As the pandemic seems to be easing somewhat in the U.S., let us not forget that it is still not gone. Deaths are not as high as last winter after all the holiday travel, but still as high in early June as last Nov. 1 in Virginia.
I am thankful for the years of vaccine research that enabled development of covid vaccines in such a short time. And I am thankful that as a senior I was among the first in line. However, I am baffled at the attitudes of several people I have spoken to asking if they got the vaccine.
One common question is "If you have been vaccinated, why do you care if I get vaccinated?" There are two answers.
The first is that I don't want you to die unnecessarily.
The second is a little more self preservation. Let's use 7th grade math to explain. If the vaccine is 93% effective, I still have a 7% chance of being infected if I go out among random people.
However, if all those people are also vaccinated, their chance of spreading the virus is also only 7%. My probability of becoming infected from a group of vaccinated people drops to 0.5%.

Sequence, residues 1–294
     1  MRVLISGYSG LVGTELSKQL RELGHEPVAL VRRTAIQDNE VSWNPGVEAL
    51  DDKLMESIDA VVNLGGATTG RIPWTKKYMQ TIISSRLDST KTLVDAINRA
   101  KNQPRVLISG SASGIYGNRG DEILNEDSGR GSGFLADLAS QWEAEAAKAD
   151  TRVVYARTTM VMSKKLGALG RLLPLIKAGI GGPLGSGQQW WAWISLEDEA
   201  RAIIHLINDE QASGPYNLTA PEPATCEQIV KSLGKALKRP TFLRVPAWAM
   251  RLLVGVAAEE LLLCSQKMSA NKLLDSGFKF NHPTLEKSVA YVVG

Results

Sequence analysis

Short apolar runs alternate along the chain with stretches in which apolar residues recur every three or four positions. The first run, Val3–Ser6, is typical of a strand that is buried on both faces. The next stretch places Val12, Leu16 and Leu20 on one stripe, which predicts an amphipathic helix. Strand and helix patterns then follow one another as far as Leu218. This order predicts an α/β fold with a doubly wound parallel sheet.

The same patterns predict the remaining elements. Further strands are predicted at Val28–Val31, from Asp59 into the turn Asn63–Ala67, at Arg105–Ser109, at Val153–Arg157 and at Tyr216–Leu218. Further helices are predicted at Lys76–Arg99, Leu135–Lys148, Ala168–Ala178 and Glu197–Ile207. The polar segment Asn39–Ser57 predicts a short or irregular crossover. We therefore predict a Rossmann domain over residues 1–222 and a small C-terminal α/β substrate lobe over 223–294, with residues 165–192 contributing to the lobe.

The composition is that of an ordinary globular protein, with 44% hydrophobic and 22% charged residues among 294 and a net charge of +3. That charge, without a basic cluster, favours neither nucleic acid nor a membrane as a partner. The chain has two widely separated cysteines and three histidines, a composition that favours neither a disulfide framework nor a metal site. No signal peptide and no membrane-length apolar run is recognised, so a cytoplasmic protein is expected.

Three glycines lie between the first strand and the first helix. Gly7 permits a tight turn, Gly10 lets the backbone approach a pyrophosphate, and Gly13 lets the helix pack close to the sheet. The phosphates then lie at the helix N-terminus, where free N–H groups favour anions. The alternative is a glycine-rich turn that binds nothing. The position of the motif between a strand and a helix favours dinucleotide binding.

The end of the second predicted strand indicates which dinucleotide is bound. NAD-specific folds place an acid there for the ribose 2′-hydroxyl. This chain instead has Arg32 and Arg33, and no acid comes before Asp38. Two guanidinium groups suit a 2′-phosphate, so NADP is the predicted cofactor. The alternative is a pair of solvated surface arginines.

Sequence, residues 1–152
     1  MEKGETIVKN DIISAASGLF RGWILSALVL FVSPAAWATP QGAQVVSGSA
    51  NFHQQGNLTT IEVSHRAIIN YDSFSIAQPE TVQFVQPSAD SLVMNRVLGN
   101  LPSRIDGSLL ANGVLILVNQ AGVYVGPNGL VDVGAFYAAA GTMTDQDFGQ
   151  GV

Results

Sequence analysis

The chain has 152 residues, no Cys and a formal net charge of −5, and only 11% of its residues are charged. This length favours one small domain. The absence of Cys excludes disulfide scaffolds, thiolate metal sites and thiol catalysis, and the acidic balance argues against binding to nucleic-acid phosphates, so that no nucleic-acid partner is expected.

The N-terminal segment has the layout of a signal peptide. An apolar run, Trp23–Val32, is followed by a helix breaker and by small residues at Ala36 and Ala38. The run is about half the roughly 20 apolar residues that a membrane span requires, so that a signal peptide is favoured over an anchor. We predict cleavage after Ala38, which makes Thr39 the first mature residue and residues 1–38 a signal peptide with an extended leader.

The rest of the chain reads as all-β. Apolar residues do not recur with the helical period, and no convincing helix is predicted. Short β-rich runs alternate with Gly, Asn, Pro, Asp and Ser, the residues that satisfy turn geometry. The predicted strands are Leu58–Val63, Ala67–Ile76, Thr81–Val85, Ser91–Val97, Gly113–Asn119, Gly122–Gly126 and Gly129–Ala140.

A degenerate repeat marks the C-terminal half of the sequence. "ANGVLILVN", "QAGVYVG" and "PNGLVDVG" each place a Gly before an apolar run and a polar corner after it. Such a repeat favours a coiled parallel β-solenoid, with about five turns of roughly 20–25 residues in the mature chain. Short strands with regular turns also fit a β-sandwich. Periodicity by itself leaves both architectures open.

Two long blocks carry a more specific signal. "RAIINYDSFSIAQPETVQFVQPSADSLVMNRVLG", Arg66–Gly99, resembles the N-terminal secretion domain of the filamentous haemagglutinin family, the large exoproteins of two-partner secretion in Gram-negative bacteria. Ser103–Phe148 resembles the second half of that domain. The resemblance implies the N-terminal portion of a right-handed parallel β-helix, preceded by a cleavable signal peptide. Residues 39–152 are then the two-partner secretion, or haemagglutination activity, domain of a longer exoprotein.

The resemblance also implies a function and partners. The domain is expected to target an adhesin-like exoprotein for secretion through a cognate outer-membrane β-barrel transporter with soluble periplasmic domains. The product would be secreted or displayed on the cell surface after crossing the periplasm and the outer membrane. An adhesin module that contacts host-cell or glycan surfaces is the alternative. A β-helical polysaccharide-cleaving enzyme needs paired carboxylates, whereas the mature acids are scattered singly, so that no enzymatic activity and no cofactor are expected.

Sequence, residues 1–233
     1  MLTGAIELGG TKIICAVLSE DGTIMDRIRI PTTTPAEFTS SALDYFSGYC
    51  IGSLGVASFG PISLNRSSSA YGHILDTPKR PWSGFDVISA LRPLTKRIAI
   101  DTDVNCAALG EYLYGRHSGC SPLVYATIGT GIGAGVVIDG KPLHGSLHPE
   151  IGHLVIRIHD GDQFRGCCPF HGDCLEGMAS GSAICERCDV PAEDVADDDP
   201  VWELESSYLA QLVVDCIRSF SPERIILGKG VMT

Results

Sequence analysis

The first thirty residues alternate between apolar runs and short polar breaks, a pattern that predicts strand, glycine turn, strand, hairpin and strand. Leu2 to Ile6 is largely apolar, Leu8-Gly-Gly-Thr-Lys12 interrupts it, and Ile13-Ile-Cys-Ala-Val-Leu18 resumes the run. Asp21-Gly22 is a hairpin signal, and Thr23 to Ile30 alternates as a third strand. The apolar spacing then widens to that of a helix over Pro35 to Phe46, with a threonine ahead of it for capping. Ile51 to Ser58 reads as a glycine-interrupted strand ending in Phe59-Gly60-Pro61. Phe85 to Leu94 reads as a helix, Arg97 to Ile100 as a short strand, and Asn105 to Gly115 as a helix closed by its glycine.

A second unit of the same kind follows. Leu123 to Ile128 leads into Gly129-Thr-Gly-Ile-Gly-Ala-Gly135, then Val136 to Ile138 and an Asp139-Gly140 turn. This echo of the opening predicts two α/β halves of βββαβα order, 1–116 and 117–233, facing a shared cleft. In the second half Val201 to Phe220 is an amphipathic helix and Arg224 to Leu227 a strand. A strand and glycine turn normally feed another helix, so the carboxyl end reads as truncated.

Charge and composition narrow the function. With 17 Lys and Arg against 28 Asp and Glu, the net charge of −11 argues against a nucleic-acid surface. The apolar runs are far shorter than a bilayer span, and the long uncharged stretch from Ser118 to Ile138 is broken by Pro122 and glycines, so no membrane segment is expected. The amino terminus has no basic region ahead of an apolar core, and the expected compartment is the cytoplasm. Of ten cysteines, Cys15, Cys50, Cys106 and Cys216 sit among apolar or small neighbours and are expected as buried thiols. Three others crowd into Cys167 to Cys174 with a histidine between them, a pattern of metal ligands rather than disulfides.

In addition to getting vaccinated to protect other vaccinated people, you can help protect people who either can't qualify or get little benefit from the vaccine.
These include organ transplant recipients and others on immune suppressing drugs, people on chemotherapy, diabetics, and many other health conditions.
There are about 10,000,000 such vulnerable people in the US. It also includes children too young for vaccine approval.
Don't forget that children have died, and some new variants are harder on children than the original virus. Some young healthy people have made the claim "I have an immune system. I don't need your vaccine."
Read here about one 33 year old former Marine who said that on a facebook post. https://www.msn.com/en-us/news/world/anti-vaxxer-sheriffs-deputy-dies-from-covid-19-complications-shortly-after-mocking-the-vaccine-on-facebook/ar-AAKx20j?ocid=ob-fb-enus-1541512262291&li=BBnbfcL
Gilbert Vice, Pulaski